Among PEH, 42% (95% CI, 29%-57%) had GAS-positive cultures and 33% (95% CI, 20%-47%) had MRSA-positive cultures. Among patients with stable housing, 15% (95% CI, 9%-22%) had GAS-positive cultures and 23% (95% CI, 16%-32%) had MRSA-positive cultures. Prior to adjustment, PEH had significantly higher odds of GAS SSTI (OR, 4.25 [95% CI, 2.04-8.85]; P < .001) and nonsignificantly higher odds of MRSA SSTI (OR, 1.60 [95% CI, 0.79-3.26]; P = .19) relative to patients with stable housing. After controlling for confounders, PEH had significantly higher odds of GAS SSTI (OR, 4.25 [95% CI, 1.86-9.70]; P = .001) and nonsignificantly higher odds of MRSA SSTI (OR, 1.49 [95% CI, 0.68-3.27]; P = .33).
Our finding that PEH were more likely to have first-line MRSA coverage suggests that health care professionals may prioritize MRSA among PEH presenting with SSTI. Given that 42% of PEH had cultures that tested positive for GAS and PEH had 4.25 times higher odds of GAS SSTI, the present study results suggest that health care professionals may need to consider GAS more strongly among PEH presenting with SSTI.
This study has several limitations. First, we were unable to differentiate between purulent and non-purulent forms of SSTI and cannot confirm that purulent SSTIs were uniformly overrepresented. Second, GAS SSTIs excluded owing to lack of microbiologic data could be differential between the 2 groups. Third, our cohort likely had more severe skin disease relative to outpatients with SSTI or inpatients with SSTI managed without dermatology.
In summary, we found that homelessness was independently associated with GAS SSTI in our study population. Future studies are needed to demonstrate causation, establish a more precise effect size estimate, and evaluate outcomes among PEH receiving empirical GAS coverage for SSTI.
Accepted for Publication: December 10, 2021.
Published Online: February 9, 2022. doi:10.1001/jamadermatol.2021.5845
Corresponding Author: Aileen Chang, MD, 995 Potrero Ave, Bldg 90, Ward 92, San Francisco, CA 94110 (email@example.com).
Author Contributions: Mr Zakaria and Dr Chang had full access to all of the data in the study and take responsibility for the integrity of the data and the accuracy of the data analysis.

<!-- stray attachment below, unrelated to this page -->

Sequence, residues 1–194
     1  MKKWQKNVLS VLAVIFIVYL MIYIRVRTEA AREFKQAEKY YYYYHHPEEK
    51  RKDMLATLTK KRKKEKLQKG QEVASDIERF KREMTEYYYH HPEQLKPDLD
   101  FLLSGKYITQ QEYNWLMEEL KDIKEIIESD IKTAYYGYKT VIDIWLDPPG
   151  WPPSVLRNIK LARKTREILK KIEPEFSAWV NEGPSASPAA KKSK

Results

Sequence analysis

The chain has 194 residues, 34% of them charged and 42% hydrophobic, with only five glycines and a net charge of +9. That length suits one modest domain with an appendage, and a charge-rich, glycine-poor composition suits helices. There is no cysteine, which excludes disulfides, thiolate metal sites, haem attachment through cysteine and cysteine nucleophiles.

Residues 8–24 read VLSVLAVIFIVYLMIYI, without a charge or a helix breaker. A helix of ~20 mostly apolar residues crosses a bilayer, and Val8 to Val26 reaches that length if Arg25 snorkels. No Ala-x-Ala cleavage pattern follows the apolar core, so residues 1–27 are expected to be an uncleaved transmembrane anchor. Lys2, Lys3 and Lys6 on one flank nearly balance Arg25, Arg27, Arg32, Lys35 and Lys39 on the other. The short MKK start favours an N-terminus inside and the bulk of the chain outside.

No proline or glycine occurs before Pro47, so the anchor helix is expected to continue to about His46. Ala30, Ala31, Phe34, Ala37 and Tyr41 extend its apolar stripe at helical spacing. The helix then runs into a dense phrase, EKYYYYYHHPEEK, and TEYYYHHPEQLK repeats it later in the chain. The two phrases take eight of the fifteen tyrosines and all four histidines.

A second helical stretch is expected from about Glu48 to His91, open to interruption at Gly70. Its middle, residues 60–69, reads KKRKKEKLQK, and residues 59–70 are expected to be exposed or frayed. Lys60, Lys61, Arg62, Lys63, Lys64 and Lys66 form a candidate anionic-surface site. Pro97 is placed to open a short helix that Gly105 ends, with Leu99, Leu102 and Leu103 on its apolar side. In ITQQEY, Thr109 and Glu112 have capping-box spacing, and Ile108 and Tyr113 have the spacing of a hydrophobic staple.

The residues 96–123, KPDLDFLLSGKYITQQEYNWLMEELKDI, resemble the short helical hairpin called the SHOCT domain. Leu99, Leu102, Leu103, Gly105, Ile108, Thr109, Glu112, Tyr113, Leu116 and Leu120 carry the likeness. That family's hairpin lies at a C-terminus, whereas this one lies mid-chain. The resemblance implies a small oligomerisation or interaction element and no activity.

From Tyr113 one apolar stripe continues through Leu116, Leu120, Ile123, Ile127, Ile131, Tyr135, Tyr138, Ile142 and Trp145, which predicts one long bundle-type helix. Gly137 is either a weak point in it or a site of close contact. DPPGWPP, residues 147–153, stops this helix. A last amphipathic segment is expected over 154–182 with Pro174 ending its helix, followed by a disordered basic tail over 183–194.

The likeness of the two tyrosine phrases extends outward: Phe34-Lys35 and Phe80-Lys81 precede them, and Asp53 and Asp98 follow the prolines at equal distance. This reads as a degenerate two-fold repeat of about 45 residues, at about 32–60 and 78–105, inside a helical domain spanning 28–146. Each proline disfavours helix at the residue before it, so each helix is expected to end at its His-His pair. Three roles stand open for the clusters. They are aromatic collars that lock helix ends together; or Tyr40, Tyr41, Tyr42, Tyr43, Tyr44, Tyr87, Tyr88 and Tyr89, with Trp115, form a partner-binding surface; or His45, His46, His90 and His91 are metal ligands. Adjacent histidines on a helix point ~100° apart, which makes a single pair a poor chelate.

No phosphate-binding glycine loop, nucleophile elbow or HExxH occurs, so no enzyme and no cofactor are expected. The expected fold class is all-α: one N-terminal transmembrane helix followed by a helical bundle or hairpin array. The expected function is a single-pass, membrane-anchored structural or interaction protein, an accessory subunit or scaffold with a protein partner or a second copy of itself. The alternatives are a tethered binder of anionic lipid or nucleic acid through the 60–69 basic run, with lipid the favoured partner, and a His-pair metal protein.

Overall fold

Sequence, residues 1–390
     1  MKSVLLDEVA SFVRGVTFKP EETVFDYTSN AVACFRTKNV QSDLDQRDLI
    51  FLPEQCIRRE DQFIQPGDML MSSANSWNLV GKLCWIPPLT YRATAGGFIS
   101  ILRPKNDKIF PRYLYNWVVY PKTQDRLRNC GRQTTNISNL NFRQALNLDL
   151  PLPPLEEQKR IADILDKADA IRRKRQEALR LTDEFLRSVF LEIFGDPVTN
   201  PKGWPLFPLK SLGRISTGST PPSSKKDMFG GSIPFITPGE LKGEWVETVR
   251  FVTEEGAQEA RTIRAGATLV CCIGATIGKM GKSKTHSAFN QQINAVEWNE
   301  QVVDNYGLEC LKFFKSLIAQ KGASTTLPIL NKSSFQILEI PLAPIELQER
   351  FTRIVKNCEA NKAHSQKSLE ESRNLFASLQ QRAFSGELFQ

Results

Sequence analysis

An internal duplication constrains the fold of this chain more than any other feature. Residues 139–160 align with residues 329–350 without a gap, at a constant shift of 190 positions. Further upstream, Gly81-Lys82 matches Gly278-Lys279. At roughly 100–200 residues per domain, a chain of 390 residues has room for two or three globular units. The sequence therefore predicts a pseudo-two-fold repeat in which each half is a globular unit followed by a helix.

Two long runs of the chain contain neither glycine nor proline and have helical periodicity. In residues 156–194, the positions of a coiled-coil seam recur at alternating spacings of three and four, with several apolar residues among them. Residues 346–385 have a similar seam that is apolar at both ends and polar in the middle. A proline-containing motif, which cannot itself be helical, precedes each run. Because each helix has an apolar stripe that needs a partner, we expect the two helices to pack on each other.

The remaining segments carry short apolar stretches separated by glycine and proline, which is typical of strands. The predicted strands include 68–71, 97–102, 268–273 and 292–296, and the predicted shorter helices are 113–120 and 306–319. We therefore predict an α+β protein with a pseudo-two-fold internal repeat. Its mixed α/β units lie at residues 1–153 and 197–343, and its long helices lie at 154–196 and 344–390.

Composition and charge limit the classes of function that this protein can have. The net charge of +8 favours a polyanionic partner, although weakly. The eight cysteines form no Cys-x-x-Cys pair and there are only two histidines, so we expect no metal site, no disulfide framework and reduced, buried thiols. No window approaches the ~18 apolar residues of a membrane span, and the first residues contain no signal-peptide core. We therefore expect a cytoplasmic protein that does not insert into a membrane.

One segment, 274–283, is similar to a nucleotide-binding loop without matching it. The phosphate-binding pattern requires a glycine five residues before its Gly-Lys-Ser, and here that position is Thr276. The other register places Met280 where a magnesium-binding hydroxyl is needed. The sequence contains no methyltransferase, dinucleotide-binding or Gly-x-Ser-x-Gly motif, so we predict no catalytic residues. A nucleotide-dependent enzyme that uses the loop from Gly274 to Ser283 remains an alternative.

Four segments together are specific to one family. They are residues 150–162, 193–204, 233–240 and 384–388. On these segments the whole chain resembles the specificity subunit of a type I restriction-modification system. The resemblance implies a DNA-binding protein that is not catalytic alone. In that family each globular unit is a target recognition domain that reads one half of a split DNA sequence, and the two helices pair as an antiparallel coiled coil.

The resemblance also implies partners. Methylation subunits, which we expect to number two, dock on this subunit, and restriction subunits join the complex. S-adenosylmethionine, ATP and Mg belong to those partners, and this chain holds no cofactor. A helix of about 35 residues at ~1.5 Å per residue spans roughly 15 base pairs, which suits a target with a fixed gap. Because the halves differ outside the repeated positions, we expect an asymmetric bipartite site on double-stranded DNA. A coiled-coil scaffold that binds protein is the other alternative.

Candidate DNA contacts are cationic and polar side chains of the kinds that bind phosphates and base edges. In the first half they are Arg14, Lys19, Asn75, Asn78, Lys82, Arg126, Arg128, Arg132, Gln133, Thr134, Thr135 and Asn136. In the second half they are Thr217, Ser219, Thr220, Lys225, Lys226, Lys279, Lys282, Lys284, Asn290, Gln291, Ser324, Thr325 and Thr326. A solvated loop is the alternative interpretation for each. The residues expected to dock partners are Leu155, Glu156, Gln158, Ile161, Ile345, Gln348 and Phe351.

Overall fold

Concept and design: Zakaria, Abuabara, Fox, Amerson, Chang.
Acquisition, analysis, or interpretation of data: Zakaria, Abuabara, Szumowski, Kim-Lim, Amerson, Chang.
Drafting of the manuscript: Zakaria.
Critical revision of the manuscript for important intellectual content: All authors.
Statistical analysis: Zakaria, Abuabara, Kim-Lim.
Administrative, technical, or material support: Zakaria, Kim-Lim, Chang.
Supervision: Abuabara, Fox, Amerson, Chang.
Conflict of Interest Disclosures: Mr Zakaria reported funding from the National Institutes of Health. Dr Chang is supported by the Dermatology Foundation Public Health Career Development Award. Dr Abuabara reported research funding from Pfizer and Cosmetique Active International SNC to her institution and personal fees from Target RWE outside the submitted work. No other disclosures were reported.
Funding/Support: This work was supported by the Dermatology Foundation (Dr Chang).
Role of the Funder/Sponsor: The Dermatology Foundation had no role in the design and conduct of the study; collection, management, analysis, and interpretation of the data; preparation, review, or approval of the manuscript; and decision to submit the manuscript for publication.
Disclaimer: Aileen Y. Chang is the Viewpoints Editor of JAMA Dermatology, but she was not involved in any of the decisions regarding review of the manuscript or its acceptance.